NEW YORK, Dec. 27 (UPI) -- U.S. consumers increased their holiday season spending to push overall pre-Christmas sales to a five-year high, retail analysts said Monday.
Preliminary data compiled for MasterCard Advisors by retail spending tracker SpendingPulse indicated consumers spent an estimated $584.3 billion during the 50 days leading up to Christmas, compared with $566.3 billion during the same period of 2007, The New York Times reported. Spending during the 2010 Christmas shopping season was up 5.5 percent from 2009, outperforming some of the most optimistic analysts' estimates, the newspaper said.
Holidays sales were up 4 percent year-to-year in 2009, following a drop of 6 percent in 2008.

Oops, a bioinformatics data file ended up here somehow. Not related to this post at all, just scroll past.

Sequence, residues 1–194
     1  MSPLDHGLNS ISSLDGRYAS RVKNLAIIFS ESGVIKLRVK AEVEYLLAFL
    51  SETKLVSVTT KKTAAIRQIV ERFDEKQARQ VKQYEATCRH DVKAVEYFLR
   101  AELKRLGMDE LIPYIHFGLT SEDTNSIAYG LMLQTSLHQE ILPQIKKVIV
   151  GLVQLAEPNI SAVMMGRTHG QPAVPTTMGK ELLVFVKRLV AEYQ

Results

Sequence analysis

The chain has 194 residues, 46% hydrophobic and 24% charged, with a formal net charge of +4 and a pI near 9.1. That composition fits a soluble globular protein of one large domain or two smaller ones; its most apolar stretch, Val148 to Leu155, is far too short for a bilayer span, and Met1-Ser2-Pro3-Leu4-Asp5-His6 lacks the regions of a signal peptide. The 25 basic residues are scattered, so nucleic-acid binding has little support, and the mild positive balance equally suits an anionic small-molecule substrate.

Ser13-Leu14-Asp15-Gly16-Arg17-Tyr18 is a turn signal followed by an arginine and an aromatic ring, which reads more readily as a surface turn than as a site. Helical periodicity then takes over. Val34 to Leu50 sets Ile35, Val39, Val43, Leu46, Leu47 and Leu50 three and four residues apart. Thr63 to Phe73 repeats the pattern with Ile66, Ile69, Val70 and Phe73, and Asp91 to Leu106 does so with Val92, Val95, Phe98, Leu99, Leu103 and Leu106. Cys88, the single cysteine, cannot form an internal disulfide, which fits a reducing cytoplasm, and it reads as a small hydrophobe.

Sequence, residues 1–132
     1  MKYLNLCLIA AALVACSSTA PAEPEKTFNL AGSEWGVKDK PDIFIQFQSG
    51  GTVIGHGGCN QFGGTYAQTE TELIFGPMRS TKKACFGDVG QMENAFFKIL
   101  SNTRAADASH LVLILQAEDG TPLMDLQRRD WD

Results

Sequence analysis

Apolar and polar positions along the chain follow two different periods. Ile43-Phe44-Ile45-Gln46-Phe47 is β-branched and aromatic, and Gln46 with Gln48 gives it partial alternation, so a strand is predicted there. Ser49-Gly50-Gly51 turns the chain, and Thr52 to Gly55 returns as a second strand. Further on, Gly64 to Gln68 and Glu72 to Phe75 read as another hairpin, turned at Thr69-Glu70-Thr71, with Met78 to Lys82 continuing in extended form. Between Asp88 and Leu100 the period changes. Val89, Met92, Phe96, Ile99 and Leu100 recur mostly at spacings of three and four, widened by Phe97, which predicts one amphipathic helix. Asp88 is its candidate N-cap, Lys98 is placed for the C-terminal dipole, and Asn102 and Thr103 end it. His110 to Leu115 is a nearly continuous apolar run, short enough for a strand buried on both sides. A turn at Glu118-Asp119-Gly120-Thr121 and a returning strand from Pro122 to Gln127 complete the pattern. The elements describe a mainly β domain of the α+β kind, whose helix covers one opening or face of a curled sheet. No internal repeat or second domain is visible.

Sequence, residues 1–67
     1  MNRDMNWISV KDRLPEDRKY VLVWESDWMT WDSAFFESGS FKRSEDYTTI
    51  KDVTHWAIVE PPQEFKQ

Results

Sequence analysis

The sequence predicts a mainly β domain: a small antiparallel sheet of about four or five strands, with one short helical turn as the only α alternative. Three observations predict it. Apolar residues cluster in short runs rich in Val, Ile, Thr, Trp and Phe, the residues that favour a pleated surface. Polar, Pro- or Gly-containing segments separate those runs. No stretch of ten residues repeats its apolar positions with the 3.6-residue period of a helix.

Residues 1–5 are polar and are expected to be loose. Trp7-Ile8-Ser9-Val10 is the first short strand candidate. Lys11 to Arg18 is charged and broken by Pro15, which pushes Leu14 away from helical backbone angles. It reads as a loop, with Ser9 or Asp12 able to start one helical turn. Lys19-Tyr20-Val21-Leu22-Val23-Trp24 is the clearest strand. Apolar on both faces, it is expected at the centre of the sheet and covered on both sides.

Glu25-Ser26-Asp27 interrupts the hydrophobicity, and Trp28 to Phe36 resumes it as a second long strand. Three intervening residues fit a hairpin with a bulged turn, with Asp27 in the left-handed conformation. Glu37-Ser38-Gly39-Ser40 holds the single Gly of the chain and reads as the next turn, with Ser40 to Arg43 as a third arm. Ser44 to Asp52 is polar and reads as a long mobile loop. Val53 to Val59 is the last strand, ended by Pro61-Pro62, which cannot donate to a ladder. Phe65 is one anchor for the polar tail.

Spending on apparel rose 11.2 percent this season. Spending on jewelry was up 8.4 percent, consumers spent 6.7 percent more on luxury goods, and home furniture sales were up for the first time in five years -- although the Times notes furniture sales have yet to return to pre-recession numbers.
In an e-mail to the Times, Craig R. Johnson, president of the consulting firm Customer Growth Partners, said the U.S. consumer "has single-handedly picked himself off the mat, brushed his troubles off and strapped the U.S. economy on his back."
Analysts attributed the higher-than-expected growth to pent-up demand and growing consumer confidence in the economy, among other factors.
The National Retail Federation had forecast a 3.3 percent increase in consumer spending for the holidays, while the research service ShopperTrak had estimated sales would increase by 4 percent.